You have to have a good farm sytems with good quality prospects. Especially if you are a small market team like the Reds. The Twins are the best example of building a competitive team like this year in and year out. But if you don't use your prospects either with the big club or trade them for useful veterans what good are they? Like dougdirt said, the Reds have two,at least, in AAA basically rotting away. Sappelt and Cozart should be with the Reds NOW. But because Reds management is too sentimental and doesn't want to cut a good ole boy veterans like Gomes,Lewis and Renteria they are using the same ole dreg night in and night out. With the reults of what you expect from aging or middle of the road veterans. Mediocrity. It's great the Reds have built their farm system to where they are producing legitimate prospects. It wasn't so long ago they were not doing this. But now that they are, they seem to be gunshy in using them. If the Reds are to make the next step up the Reds management needs to get over this and use them. Either bring them up or trade them for more useful vets than what they have now.
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    Re: Building with prospects

    I betcha if there were any legit young starting pitcher prospects sitting on the fence like the player prospects, they'd be aggressively promoted.
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    Re: Building with prospects

    Quote Originally Posted by Caveat Emperor View Post
    The budget is fixed. You can play with the numbers however you want, but the bottom-line salary number isn't going to change. That's a reality every team not named New York and Boston is forced to deal with.
    Side note, but the AL East stereotype is carrying its weight unfairly at this point. People need to stop excluding Philadelphia from this list. They officially have a higher payroll than the Red Sox now.
    There is no such thing as a pitching prospect.

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    Re: Building with prospects

    Quote Originally Posted by Kc61 View Post
    I don't think the current approach - a roster of prospects and veterans on the downside - is a winning formula. Hopefully the Reds will change it.

    I'd love to hear others' views on this.
    This is not meant as a screed against either Baker or Walt.

    Dusty Baker took a contending team of veterans in San Francisco and cycled the roster to a different set of veterans and stayed a contending team. Looking at the talent on th 93 team, it's tough to fault their approach. Yes, Will Clark and Matt Williams had some decent seasons after the giants let them go, but Barry Bonds became Barry Bonds and while they never won the series with him, they were always in contention. Royce Clayton, Rich Aurilia and Bill hall were really the only position players the Giants developed during those 10 years. As a matter of fact the giants were kind of famous for succeeding despite pretty much not having a farm system.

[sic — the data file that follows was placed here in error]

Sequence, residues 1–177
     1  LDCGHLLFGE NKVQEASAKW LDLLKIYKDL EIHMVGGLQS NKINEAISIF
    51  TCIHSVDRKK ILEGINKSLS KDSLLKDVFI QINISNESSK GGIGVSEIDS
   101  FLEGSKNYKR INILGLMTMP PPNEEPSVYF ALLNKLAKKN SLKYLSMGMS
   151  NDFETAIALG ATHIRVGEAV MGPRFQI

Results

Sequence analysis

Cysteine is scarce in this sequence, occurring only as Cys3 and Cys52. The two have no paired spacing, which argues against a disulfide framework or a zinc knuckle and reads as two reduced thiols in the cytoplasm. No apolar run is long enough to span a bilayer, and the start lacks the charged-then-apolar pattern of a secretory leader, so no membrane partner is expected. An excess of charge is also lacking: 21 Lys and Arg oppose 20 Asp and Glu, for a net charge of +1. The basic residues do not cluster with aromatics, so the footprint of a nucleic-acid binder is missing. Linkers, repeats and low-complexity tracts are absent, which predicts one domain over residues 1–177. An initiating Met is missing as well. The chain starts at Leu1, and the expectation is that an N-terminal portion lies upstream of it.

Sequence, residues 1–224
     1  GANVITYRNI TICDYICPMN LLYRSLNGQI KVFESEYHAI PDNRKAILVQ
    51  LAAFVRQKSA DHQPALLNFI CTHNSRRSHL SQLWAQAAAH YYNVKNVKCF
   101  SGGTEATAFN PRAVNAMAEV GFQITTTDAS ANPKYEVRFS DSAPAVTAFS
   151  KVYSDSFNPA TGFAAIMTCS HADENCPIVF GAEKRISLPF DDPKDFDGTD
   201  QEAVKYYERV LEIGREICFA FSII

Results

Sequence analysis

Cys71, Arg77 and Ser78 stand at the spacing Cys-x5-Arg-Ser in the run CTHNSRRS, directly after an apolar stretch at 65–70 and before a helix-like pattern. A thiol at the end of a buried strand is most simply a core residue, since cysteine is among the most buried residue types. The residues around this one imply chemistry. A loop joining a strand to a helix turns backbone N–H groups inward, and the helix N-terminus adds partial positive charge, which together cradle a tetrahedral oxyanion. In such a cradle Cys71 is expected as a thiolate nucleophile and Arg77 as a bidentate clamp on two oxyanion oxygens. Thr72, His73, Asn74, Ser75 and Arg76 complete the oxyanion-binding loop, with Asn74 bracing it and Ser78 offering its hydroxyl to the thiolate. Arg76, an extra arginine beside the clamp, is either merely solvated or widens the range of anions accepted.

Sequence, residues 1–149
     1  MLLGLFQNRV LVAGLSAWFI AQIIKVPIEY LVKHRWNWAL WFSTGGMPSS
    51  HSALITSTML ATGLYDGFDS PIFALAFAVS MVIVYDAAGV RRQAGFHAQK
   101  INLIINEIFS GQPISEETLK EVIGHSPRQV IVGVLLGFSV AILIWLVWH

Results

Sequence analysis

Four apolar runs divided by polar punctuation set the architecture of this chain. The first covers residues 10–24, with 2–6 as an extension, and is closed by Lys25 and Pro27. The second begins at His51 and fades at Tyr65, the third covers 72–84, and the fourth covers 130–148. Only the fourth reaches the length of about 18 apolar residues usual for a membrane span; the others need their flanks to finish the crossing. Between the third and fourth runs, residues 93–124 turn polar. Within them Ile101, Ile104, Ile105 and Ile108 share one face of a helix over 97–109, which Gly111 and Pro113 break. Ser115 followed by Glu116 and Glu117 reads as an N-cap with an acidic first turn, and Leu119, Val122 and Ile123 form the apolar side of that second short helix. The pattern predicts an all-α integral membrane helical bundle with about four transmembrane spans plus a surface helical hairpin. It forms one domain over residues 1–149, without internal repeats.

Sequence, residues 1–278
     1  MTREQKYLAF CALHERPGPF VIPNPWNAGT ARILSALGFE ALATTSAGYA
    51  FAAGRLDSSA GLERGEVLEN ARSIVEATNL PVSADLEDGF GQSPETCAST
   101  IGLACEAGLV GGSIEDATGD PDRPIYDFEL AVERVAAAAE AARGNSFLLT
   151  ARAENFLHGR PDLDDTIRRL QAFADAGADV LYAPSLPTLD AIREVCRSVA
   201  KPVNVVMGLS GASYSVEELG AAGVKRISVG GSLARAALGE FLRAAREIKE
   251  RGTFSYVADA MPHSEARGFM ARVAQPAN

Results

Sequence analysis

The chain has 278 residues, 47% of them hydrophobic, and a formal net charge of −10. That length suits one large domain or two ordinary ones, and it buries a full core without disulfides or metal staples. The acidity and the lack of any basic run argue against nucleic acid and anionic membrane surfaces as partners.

Baker's Cub teams went from the penthouse to the outhouse while he was there. When he arrived they had Zambrano, Wood, Prior, Aramis Ramirez, Cory Patterson and Hee Sop Choi who looked like a decent hitter at the time. Under Baker Choi became about as good a hitter as Cory Patterson was. It's tough to know exactly how much of the injury to Wood and Prior to lay at Baker's feet. Under Baker the Cub's clubhouse pretty much became and example of the lunatics running the asylum.

    Pretty much under both those teams. It's fair to say development of the kids did not contribute to franchise success with Baker around.

    Walt Jocketty was in the A's front office from 80 to 94. During that time the A's went from being pretty much a clown of a franchise to one of the premiere franchises in mlb. Jose Canceco, Walt Weiss, Mark McGwire and Miguel Tejada were all drafted or signed by Walt. Dispite this very impressive haul of youngsters, The A's were spectacularly successful at identifying veteran players who still had enough in the tank to help a team. Looking at the dominant A's team of 88-90, while the home grown talent was important, acquired older veteran talent contributer more to the team than the kids.

    Of course Jocketty was also part of the cardinals organization from 94 to 07.
    How did the Cardinals do it under Walt?

    These guys came in as veterans....Eckersly, Gant, Giatti, Delano DeSheilds, Royce Clayton, Mark McGwire, Edgar Rentaria, Fernando Tatis, Eric Davis, Jim Edmonds, Fernando Vina, Daryl Kile, Pat Hentgen, Woody Williams, Tino Martinez, Chuck Finley, Scott Rolen, Jason Izzy, Reggie Sanders, Chris Carpenter, Larry Walker, Jeff Weaver.

    And these guys were undeveloped players when they took the field as Cardinals....Dmitri Young, Matt Morris, J. D. Drew, Rick Ankiel, Matt Morris, Placido Palanco, Albert the Great, Dan Haren, Jason Marquis.

    Now, that's some serious talent there that took the field as newbies, but the vets aren't slouches either.